Adrian Peterson on if he'll be ready for Week 1

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Adrian Peterson on if he'll be ready for Week 1

From Comcast SportsNet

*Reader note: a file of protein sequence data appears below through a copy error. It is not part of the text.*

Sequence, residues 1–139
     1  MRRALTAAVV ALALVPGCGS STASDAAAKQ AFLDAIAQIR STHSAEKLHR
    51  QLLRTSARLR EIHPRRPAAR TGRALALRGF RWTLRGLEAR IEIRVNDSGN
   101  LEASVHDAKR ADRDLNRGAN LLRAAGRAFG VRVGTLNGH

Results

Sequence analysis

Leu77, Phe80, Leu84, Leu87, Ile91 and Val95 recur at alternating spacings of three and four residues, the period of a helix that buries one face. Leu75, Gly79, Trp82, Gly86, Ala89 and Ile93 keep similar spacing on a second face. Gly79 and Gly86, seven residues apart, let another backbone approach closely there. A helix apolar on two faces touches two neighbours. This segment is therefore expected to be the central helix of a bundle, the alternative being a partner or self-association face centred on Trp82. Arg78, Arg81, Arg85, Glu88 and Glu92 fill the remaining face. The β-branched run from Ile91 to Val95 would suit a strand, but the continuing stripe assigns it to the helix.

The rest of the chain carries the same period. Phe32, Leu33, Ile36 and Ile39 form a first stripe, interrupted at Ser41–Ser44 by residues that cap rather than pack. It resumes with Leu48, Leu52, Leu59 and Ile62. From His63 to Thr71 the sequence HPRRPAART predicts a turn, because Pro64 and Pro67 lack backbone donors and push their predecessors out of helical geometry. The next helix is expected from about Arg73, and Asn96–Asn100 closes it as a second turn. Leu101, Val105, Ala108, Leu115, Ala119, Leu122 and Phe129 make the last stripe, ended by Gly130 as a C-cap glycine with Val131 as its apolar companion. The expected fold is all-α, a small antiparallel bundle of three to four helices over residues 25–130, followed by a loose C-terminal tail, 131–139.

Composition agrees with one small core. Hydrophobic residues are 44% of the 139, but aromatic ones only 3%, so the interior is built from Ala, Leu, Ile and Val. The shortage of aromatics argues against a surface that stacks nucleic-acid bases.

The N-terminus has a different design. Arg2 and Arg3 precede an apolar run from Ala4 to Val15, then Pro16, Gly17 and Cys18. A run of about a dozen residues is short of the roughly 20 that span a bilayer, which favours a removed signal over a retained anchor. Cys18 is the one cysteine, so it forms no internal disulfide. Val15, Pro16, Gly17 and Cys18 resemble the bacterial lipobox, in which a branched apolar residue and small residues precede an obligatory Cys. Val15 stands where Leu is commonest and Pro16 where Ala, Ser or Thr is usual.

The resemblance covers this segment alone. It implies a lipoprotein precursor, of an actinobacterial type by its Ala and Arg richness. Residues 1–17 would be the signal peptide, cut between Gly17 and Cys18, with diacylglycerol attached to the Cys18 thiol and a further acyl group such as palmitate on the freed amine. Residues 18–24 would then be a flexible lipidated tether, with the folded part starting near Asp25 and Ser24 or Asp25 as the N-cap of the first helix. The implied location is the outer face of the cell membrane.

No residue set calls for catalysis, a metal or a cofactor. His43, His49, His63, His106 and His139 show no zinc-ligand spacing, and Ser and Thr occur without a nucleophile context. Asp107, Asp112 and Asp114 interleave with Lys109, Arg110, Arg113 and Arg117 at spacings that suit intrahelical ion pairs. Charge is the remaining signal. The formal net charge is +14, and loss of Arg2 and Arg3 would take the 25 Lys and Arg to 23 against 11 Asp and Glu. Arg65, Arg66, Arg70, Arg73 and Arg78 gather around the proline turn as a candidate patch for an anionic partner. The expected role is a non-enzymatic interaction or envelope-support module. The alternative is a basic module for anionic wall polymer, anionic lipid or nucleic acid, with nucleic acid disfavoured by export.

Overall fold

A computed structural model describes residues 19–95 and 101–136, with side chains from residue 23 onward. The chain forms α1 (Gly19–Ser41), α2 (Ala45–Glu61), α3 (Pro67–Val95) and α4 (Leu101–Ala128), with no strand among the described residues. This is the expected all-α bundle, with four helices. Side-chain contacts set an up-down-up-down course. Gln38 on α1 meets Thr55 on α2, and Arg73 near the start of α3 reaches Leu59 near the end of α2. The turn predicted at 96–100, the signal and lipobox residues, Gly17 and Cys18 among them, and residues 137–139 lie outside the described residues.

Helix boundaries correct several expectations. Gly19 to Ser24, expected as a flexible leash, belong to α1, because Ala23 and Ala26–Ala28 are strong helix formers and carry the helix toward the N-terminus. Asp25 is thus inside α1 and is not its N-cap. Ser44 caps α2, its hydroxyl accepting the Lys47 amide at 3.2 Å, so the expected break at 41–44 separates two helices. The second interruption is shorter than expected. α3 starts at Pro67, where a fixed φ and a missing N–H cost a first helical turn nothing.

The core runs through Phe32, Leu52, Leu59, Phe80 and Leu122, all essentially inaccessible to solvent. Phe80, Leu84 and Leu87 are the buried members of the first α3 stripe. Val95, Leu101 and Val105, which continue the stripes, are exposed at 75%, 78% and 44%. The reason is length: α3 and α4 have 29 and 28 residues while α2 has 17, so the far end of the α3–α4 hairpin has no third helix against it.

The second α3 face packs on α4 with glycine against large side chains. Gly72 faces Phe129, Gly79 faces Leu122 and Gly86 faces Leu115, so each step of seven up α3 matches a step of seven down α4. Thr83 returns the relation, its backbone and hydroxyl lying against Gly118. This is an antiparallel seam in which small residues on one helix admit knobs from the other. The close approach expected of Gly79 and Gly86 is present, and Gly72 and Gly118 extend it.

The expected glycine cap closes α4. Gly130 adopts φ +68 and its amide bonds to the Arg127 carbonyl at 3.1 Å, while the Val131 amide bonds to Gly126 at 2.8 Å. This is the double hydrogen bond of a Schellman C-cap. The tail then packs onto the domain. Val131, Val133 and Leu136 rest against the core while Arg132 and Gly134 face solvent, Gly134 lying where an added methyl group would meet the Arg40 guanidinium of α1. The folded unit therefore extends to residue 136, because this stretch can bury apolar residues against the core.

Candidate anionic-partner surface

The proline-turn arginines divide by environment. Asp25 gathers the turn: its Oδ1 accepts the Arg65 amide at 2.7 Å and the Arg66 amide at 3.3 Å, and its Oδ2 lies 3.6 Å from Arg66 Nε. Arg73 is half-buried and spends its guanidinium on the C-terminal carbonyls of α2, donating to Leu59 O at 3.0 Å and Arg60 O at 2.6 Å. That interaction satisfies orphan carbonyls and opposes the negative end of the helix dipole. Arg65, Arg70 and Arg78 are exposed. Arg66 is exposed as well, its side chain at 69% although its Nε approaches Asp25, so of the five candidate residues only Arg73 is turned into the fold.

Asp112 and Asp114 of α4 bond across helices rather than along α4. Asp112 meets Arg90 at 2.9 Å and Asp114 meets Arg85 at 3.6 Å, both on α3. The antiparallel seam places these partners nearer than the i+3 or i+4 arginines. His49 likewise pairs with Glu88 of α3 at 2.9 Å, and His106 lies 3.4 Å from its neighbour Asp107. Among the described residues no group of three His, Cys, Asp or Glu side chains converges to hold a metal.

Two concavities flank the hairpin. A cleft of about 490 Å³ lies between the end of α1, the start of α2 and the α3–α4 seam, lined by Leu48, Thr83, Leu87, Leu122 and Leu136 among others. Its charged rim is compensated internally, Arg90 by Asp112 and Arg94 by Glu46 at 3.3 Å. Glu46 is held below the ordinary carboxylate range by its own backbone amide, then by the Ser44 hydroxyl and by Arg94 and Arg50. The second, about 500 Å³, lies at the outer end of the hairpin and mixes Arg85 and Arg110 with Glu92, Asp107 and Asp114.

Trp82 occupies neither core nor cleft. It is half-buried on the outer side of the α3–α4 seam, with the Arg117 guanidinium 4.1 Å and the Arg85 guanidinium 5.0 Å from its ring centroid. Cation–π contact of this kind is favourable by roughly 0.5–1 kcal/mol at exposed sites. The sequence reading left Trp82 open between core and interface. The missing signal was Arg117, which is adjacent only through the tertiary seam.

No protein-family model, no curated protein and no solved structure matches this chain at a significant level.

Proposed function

MANKATO, Minn. (AP) -- The NFL season starts for Minnesota on Sept. 9, barely eight months after Adrian Peterson had reconstructive surgery on his ripped-up left knee. Despite the medical advances that have made comebacks from anterior cruciate ligament quicker than ever, Peterson's return for the opener against the Jaguars was always on an optimistic timetable. But for the star Vikings running back, that hasn't really been a goal. Belief is more like it. "Despite what everyone else had to say, that was my vision," said Peterson, who also tore the medial collateral ligament when he was hit during a game last Dec. 24 at Washington. "I knew it was going to be a journey, a path, to get closer to that vision, and I'm closer. I see it. It's closer now. It was far away in the beginning, but I've been working hard and just moving forward. "So hopefully here in a couple weeks -- here in a couple weeks, not hopefully -- that vision will be right there in front of me in my lap." Peterson has cleared every hurdle in his rehabilitation either ahead of time or on schedule. As nervous as the Vikings must be -- and as skeptical as some observers around the league might be -- he is probably as capable as anyone of taking the ball right at his tacklers without hesitation in Week 1. "You don't really want to put parameters on his rehabilitation. You want to just let it go and see where it takes us," coach Leslie Frazier said. "Our medical staff talked all along about what this process would look like and what's necessary. We're in that process right now, so we still have to take it day by day." Despite the evolution of the league into a passing-dominated game, Peterson is far too valuable for Minnesota (No. 29 in AP Pro32) to risk him getting hit the wrong way in some meaningless drill. He wore full pads in Tuesday's practice for the first time since his injury, but Frazier went out of his way to warn the defense not to touch him. On Peterson's first carry, he realized this wasn't going to be a normal play. "These guys are definitely not going to put their hands on me. I didn't really like that too much," he said. The defensive players light-heartedly complained to their coach that Peterson is usually the one delivering the punishing hits. "One of the things they told me was, Coach, you know how he runs. What about protecting us?' Frazier said. "He's not going to change his running style, we all know that, but they have to be smart out there and they know that." Peterson smiled when asked if he'd be letting up at all. "Oh, I'm going to lower my shoulder," he said. "Those guys are probably going to get tired of touching off and tired of me putting my shoulder into them. They'll start firing back, which is pretty much what I want them to do." His first contact will come later this month, maybe in practice next week or in the team's third preseason game Aug. 24 against San Diego. As offensive coordinator Bill Musgrave put it, Peterson "has to go through the mental gymnastics as well as the physical part." So far, so good. "We're all just amazed seeing him move and even cutting like he's always done," Frazier said, recalling a video review at the start of training camp of some offensive highlights from last season that included Peterson before he got hurt: "I came up to him and said, Can you see yourself in your mind being able to do that again?' He said, Coach, I can do that right now if you let me.' In his mind, there's nothing wrong."